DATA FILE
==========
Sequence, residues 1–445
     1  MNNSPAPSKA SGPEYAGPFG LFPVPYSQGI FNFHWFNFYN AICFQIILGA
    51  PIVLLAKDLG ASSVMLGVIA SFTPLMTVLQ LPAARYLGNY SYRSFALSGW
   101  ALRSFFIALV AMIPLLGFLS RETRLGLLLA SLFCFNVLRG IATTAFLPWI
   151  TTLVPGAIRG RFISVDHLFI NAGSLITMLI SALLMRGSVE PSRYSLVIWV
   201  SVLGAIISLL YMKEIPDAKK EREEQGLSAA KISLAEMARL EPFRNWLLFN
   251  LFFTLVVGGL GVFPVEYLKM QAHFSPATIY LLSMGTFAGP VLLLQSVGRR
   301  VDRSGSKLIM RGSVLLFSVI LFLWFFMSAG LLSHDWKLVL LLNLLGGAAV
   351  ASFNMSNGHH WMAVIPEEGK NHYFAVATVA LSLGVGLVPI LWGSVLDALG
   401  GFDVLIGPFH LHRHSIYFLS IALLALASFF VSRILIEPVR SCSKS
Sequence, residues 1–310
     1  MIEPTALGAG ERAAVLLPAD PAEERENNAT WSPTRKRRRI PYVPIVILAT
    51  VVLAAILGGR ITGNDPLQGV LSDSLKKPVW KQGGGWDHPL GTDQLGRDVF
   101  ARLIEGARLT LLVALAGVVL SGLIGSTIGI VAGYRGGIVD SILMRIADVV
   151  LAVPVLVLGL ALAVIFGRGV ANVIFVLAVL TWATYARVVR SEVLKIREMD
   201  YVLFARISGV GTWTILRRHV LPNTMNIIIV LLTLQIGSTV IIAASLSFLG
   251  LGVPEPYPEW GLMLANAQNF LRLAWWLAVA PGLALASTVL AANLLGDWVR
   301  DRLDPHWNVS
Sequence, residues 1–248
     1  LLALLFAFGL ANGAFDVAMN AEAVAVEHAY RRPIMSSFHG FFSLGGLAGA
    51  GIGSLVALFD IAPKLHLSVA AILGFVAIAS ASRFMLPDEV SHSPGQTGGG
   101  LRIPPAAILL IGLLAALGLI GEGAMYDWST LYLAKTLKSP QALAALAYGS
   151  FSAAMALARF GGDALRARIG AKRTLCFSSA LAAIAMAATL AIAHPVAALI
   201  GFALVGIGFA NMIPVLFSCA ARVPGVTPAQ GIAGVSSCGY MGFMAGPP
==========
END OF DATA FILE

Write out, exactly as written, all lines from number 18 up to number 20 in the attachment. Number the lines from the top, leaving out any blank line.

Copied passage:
   301  DRLDPHWNVS
Sequence, residues 1–248
     1  LLALLFAFGL ANGAFDVAMN AEAVAVEHAY RRPIMSSFHG FFSLGGLAGA